mz_dataflow_operator_dataflows dod
where = and
    mse.elapsed_ns > 2 * aebi.avg_ns and = and
    mse.worker = dod.worker
order by ratio desc;

I found a problematic operator. Where did it come from?

Look up the operator in mz_dataflow_operator_addresses. If an operator has value x at position n, then it is part of the x subregion of the region defined by positions 0..n-1. The example SQL query and result below shows an operator whose id is 515 that belongs to “subregion 5 of region 1 of dataflow 21”.

select * from mz_dataflow_operator_addresses where id=515 and worker=0;
 id  | worker | address
 515 |      0 | {21,1,5}

Usually, it is only important to know the name of the dataflow a problematic operator comes from. Once the name is known, the dataflow can be correlated to an index or view in Materialize.

Each dataflow has an operator representing the entire dataflow. The address of said operator has only a single entry. For the example operator 515 above, you can find the name of the dataflow if you can find the name of the operator whose address is just “dataflow 21.”

-- get id and name of the operator representing the entirety of the dataflow
-- that a problematic operator comes from
SELECT as id, as name
    mz_dataflow_operator_addresses mdoa,
    -- source of operator names
    mz_dataflow_operators mdo,
    -- view containing operators representing entire dataflows
    (SELECT as dataflow_operator,
      mdoa.address[1] as dataflow_address
      mz_dataflow_operator_addresses mdoa
      mdoa.worker = 0
      AND list_length(mdoa.address) = 1) dataflows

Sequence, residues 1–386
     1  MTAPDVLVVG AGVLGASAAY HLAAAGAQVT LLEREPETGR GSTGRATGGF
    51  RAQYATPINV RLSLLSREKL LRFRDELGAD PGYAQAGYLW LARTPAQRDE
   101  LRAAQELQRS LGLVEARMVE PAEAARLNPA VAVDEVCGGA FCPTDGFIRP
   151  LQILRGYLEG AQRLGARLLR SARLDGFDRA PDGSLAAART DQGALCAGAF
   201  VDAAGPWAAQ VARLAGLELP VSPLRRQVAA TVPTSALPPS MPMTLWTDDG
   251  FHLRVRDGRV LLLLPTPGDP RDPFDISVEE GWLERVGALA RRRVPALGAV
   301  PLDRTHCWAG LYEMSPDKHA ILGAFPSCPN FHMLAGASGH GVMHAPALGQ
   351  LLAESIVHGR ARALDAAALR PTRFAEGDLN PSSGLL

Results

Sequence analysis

mdoa.worker = 0
    AND = <problematic_operator_id>
    AND mdoa.address[1] = dataflows.dataflow_address
    AND = dataflows.dataflow_operator
    AND mdo.worker = 0;

How much disk space is Materialize using?

To see how much disk space a Materialize installation is using, open a terminal and enter:

$ du -h -d 1 /path/to/materialize/mzdata

materialize is the directory for the Materialize installation, and materialize/mzdata is the directory where Materialize stores its log file and the system catalog.

The response lists the disk space for the data directory and any subdirectories:

2.8M	mzdata/persist
2.9M	mzdata

The mzdata directory is typically less than 10MB in size.

How many TAIL processes are running?

You can get the number of active TAIL processes in Materialize using the statement below, or another TAIL statement. Every time TAIL is invoked, a dataflow using the Dataflow: tail prefix is created.

-- Report the number of tails running
SELECT count(1) FROM (
    SELECT id
    FROM mz_dataflow_names
    WHERE substring(name, 0, 15) = 'Dataflow: tail'
    GROUP BY id